NCEH/ATSDR Emergency Response
Office of Emergency Management (OEM) coordinates over 130 activities in the U.S. and U.S. territories in 2020.
When a natural or technological disaster or emergency strikes, CDC’s National Center for Environmental Health (NCEH)/ATSDR Office of Emergency Management (OEM) works as a central coordination point for responding. By triaging and coordinating NCEH/ATSDR’s emergency response assets and unique expertise, OEM helps federal, state, and local entities respond to environmental health emergencies, and addresses environmental public health consequences of natural and technological emergencies, terrorist events, and hazardous substance releases. OEM functions to further science, policy, and practice of emergency management in support of CDC, the U.S. Department of Health and Human Services (HHS), and state, local, tribal, territorial, and global partners. Site-specific consultation teams can be convened to provide support 24 hours a day, usually within 30 minutes. OEM can provide an on-site response team anywhere in the continental United States, usually in an average of eight hours after a request.
Office of Emergency Management 2020 (Non-COVID) Activities
OEM was involved in over 130 activities in 2020, most of which were unrelated to the COVID-19 pandemic:
- 7 acute emergency responses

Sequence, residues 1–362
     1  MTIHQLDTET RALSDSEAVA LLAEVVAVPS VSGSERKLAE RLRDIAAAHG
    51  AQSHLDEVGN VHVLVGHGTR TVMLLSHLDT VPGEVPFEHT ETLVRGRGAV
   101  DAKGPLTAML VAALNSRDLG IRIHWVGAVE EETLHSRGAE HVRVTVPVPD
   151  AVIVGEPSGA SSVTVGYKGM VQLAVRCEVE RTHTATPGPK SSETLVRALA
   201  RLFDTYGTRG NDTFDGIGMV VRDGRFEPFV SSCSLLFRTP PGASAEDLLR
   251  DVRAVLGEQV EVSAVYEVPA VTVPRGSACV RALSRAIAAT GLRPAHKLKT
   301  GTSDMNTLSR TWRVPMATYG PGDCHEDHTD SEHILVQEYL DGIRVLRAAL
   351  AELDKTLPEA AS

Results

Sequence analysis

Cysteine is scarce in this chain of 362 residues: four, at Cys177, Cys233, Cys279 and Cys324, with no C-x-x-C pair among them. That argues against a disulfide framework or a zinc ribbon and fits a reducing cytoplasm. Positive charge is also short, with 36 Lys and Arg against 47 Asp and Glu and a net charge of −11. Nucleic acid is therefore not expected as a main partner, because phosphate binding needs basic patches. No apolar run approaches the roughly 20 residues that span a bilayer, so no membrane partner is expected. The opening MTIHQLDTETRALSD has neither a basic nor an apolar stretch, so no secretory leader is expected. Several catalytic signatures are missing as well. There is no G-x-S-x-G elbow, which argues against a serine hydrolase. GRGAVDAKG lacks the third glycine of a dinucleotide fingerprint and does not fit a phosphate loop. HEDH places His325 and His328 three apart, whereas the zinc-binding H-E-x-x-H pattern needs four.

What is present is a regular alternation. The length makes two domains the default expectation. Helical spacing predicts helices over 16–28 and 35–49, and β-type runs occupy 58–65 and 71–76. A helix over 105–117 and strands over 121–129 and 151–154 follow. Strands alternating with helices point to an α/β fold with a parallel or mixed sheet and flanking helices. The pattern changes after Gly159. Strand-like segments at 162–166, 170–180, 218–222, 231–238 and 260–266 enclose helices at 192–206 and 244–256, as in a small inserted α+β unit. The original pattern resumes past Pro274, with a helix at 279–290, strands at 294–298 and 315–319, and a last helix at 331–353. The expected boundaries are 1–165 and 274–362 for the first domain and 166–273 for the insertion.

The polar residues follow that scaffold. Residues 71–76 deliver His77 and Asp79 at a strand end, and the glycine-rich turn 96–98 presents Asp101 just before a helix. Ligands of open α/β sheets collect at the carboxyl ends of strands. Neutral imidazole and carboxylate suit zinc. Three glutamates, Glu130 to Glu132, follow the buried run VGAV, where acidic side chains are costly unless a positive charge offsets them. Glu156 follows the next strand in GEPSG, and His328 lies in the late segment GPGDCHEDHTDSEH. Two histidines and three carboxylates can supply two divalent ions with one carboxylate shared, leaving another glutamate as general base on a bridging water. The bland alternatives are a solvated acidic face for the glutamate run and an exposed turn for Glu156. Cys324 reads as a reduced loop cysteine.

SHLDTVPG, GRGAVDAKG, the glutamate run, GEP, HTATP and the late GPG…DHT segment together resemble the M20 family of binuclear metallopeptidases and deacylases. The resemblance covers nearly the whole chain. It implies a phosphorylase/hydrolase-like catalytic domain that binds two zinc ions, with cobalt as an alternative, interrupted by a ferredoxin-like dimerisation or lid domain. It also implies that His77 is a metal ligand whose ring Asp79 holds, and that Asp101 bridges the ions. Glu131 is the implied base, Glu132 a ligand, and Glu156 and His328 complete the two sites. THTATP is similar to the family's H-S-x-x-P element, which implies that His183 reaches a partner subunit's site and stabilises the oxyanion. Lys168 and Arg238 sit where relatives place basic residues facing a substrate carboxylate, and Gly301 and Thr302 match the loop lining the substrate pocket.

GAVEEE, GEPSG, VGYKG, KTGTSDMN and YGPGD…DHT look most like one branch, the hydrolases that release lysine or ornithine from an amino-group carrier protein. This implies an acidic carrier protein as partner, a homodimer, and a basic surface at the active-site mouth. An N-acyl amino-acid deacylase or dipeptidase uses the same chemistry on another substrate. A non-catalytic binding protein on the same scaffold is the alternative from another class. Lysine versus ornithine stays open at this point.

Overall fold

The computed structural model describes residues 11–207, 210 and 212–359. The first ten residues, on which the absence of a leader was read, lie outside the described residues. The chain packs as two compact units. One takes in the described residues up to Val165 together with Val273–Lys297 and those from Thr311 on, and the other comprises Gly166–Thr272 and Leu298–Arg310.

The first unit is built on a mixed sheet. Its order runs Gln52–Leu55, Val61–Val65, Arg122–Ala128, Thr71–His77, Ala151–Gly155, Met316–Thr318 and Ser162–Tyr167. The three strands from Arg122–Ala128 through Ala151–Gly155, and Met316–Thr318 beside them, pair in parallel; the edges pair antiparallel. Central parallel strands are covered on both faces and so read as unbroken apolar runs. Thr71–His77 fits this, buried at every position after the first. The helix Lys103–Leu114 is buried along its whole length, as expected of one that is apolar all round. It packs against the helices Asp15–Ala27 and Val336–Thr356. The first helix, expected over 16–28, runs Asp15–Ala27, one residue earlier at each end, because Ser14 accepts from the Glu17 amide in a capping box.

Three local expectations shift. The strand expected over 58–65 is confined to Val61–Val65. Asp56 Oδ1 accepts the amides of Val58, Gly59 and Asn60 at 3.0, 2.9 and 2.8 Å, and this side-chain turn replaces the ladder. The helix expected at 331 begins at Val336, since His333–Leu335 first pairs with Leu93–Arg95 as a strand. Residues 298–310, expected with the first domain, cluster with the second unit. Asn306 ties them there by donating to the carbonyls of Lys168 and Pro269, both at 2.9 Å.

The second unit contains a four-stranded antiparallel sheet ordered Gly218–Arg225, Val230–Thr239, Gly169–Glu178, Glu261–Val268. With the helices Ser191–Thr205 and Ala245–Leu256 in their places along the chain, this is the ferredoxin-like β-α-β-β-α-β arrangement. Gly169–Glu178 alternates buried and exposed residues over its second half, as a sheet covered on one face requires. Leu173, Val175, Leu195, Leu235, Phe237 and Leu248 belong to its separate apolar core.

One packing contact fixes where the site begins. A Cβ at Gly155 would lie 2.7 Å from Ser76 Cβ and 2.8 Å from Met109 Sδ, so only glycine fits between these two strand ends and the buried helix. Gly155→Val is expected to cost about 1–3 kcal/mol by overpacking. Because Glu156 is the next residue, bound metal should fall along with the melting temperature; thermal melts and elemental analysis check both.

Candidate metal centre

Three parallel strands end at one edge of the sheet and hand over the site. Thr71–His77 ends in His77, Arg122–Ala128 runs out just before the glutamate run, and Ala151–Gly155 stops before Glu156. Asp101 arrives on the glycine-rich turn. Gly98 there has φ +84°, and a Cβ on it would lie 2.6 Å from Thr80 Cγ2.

- 74 technical assists to state and local health departments and other federal agencies
- 45 preparedness activities
- 9 actions related to ATSDR’s role as the representative of HHS on the National Response Team
- 2 written consultations
- 2 non-COVID deployments
OEM led several significant projects in the United States and Puerto Rico, including air monitoring and responding to several earthquakes and a pesticide spill. After powerful earthquakes struck in January 2020, OEM led a team of CDC staff to support the Puerto Rico State Agency for Emergency and Disaster Management, the Puerto Rico Department of Health, the Federal Emergency Management Agency, and HHS. These teams conducted assessments of the public health needs of displaced persons in improvised camps and government shelters. The team also assisted with health and risk communication to inform the public about issues associated with the earthquakes.
Other OEM work involved collaboration with federal, tribal, state, and local agencies on emergency responses to pollution incidents under the National Response System. ATSDR Region 7 requested assistance in responding to a pesticide spill into the Neosho River, which is the primary drinking water supply for several communities downstream near Iola, Kansas.
In addition, the U.S. Coast Guard in Houston/Galveston, Texas, requested OEM assistance in developing a community air monitoring plan based on a commodity survey of the ports. The Coast Guard also asked for assistance in developing protective measures on the most commonly transported hazardous substances. OEM provided information on the toxicity of the substances and recommendations for establishing incident specific air monitoring and sampling plans. Subsequent to this work, the Coast Guard amended all 51 Area Contingency Plans across the country to include recommendations for consultations with CDC/ATSDR.